LMA—The Boston Preservation Alliance will conduct a survey of the Longwood Medical and Academic Area’s (LMA) historic buildings, with Boston Children’s Hospital (BCH) footing the bill as part of a deal over its upcoming demolition of a century-old structure.
Greg Galer, executive director of the Boston Preservation Alliance (BPA), says the City needs to be proactive rather than reactive when it comes to historic preservation—studying an area for historic buildings, then moving forward.
That is what he hopes comes out of the survey, which will update and expand existing records held by the Boston Landmarks Commission (BLC) and the Massachusetts Historical Commission. BLC Executive Director Ellen Lipsey was unavailable for comment.
As part of a memorandum of agreement (MOA) between the BLC and BCH over BCH’s century-old 55 Shattuck St. building, BPA is being paid $40,000 for the survey. An MOA is a document formally describing a relationship.
BCH plans to tear down the 55 Shattuck St. building, along with the historic Prouty Garden, and replace them with a new clinical building.
The Friends of Historic Mission Hill, which criticized the demolition of 55 Shattuck St., unsuccessfully petitioned BLC to landmark the building. According to the Friends of Historic Mission Hill, the building was originally a hospital for infants, starting in 1914, before being purchased in 1921 to become the headquarters for the Harvard School of Public Health, according to the statement. During the 1970s, it was purchased by BCH, becoming an administration building.
“My preference was to save the building. That would have been a lot of people’s preference. But sometimes that is not viable,” said Galer, noting that a balance needs to be struck between growth and preservation.
He said that a compromise was reached where the building was not landmarked by BLC, which would have prevented BCH from tearing it down, and having some preservation mitigation. Besides BPA’s survey, BCH will conduct its own historic building review for its campus and will also document the 55 Shattuck St. building before demolishing it.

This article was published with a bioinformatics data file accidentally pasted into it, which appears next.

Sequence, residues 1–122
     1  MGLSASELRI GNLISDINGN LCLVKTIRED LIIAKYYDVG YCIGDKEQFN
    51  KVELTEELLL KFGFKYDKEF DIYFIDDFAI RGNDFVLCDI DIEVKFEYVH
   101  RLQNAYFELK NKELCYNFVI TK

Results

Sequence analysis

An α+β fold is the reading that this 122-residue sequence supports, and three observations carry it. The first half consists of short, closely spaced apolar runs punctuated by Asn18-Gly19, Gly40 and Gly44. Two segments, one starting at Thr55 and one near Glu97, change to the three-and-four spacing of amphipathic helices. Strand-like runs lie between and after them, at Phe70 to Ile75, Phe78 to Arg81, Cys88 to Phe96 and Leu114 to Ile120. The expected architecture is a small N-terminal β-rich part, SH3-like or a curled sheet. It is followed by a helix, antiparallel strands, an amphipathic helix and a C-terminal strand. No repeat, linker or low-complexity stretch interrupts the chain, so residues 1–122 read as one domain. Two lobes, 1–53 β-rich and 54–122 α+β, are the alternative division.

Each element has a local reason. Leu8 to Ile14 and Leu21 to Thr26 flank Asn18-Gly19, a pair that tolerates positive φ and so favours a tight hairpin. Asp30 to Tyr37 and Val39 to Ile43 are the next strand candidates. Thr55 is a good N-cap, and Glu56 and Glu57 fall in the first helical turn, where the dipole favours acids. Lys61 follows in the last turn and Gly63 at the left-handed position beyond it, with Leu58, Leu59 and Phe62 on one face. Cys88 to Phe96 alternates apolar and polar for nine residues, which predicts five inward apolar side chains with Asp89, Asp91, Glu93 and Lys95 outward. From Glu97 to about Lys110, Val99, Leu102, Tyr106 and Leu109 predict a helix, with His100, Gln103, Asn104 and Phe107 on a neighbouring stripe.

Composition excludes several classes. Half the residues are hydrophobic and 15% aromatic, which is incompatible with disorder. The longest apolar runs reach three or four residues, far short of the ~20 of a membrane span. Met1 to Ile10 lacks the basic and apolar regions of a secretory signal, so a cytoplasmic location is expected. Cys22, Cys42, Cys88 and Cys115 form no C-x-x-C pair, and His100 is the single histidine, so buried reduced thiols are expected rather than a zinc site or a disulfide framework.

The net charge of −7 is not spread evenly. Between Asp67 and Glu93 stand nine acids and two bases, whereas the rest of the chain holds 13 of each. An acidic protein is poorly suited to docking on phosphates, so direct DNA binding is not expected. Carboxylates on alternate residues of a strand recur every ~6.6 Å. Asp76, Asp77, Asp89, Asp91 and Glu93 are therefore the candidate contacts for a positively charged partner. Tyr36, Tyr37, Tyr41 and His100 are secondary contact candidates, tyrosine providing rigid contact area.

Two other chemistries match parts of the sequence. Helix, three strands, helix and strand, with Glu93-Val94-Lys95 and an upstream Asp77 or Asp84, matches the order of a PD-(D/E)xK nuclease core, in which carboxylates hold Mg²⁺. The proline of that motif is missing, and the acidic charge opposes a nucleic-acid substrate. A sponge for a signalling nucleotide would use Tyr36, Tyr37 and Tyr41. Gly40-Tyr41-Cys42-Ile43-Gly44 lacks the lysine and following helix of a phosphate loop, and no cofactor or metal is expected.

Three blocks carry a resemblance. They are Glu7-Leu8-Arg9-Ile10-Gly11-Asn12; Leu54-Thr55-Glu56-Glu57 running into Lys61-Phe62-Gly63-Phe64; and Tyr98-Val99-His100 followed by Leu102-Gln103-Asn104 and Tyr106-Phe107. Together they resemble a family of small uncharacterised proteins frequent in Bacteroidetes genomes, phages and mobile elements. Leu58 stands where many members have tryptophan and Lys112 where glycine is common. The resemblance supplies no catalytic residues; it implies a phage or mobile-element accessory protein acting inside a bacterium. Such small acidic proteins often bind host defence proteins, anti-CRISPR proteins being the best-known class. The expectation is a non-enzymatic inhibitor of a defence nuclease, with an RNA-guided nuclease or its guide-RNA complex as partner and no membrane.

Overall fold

Galer said he expects the BPA survey of the LMA won’t start for a few years, as the organization will not receive the money until BCH has its building permits for 55 Shattuck St. He said he hasn’t spent a lot of time looking specifically at the LMA, but that there is a wide variety of property, ranging from hospitals to commercial buildings to row houses.
“There is a little bit of everything,” said Galer.
He said space is “precious” in the LMA, and if the continued growth of the institutions is left unchecked, “you would lose any sense of neighborhood.” Galer said the edges of the LMA feel like a neighborhood, but those edges are being lost to institutions.
Galer said that preservation is “not about freezing the city in time, but about making better decisions.” He circled back to his motto of being proactive rather than reactive. Galer said if a survey of an area is already done, a potential buyer of a historic property would know the complexities involved before attempting to tear down or alter the building. He said he looks forward to talking to the new mayor, Martin Walsh, about this philosophy.